Professionalism has crept into the age-old concept of bhajan mandalis

Devotional songs or bhajans that gained immense popularity with the spread of the Bhakti movement throughout India, have undergone changes in form and content. The compositions of Nanak, Kabir, Tulsidas, Meera although enjoying archaic status today, have always been incorporated by various factions of organised religion.

Today, however, bhajans a subject to a different kind of incorporation, that of professionalism. Throughout Delhi and by extension throughout the country, numerous professional bhajan mandalis have sprung up. Traditionally bhajan mandalis were always formed by temple devotees and some temples in Delhi still follow this tradition. “When someone organises a programme we send our kirtan mandalis, and these are formed by the full time devotees of the temple only,” says B.N. Das from ISKCON Delhi.

Over the years professionalism has changed the way bhajan mandalis come together. “Earlier what used to happen was four or five people would gather in a temple and those who could sing would sing, those who couldn’t would also sing, irrespective of rhythm. Following this people who had knowledge about music, formed their own groups and brought professionalism into it. Today in India there are thousands of groups, who perform daily,” explains Sunil Sagar Bandhu, organiser of Sagar Bandhu in Lajpat Nagar.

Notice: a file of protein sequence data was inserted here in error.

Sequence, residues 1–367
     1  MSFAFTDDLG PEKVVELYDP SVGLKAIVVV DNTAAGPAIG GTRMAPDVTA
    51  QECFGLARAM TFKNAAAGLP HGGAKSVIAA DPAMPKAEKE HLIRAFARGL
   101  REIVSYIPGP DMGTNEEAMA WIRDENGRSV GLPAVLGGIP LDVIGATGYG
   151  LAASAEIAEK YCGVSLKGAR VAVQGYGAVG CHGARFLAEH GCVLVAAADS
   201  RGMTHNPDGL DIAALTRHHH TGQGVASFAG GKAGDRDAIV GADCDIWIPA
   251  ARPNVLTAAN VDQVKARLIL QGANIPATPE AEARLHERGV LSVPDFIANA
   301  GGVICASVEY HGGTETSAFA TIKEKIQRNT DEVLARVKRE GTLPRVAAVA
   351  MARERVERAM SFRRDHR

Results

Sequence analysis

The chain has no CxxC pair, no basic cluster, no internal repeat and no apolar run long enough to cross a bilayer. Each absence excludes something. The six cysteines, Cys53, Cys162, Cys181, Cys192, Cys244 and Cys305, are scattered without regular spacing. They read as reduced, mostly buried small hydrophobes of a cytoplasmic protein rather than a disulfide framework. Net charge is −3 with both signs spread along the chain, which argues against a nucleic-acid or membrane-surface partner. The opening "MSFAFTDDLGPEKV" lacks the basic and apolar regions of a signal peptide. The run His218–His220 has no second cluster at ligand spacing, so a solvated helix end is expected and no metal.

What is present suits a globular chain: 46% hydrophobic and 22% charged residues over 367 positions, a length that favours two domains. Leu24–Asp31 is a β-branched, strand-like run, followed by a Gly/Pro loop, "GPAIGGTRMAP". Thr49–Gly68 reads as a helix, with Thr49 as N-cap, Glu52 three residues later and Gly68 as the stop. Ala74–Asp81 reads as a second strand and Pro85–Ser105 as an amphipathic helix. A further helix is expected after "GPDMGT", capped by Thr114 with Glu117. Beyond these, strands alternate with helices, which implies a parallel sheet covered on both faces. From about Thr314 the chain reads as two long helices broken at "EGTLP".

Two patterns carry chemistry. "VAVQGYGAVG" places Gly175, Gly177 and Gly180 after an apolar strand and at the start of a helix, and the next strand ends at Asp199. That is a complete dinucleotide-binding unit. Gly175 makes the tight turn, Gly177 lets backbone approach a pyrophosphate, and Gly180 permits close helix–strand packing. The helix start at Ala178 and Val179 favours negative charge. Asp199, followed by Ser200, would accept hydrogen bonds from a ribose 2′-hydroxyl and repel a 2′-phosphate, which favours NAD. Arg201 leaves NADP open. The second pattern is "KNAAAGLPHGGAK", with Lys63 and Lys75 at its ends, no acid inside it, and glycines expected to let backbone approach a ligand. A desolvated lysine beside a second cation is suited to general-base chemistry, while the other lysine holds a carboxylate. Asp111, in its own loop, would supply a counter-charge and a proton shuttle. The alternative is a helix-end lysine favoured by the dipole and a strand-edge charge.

Delving into the need for this change and its effect, he says, “If a family wants to hold a bhajan sandhya, they want to call people who can perform with technique, it is not as if anyone would come and sing and they will be satisfied. This doesn’t happen, there is a demand for people who know how to sing bhajans.” More professionalism means more money. The package of tuneful singers and harmonious renditions replete with instruments now comes at a heavy price.

At times bhajan mandalis also become platforms for amateur musicians. Sanjay Mathur, singer and organiser of Om Sai Ram Jagran Mandal explains, “People who know how to play instruments, form groups and take it up professionally.”

This is not to say that people who sing bhajans for devotion at gatherings, without an eye for remuneration have ceased to exist, their numbers, however, are steadily declining. Instead some professional troupes today, emphatic about their musical competency, have on offer orchestras and DJ equipments for hire.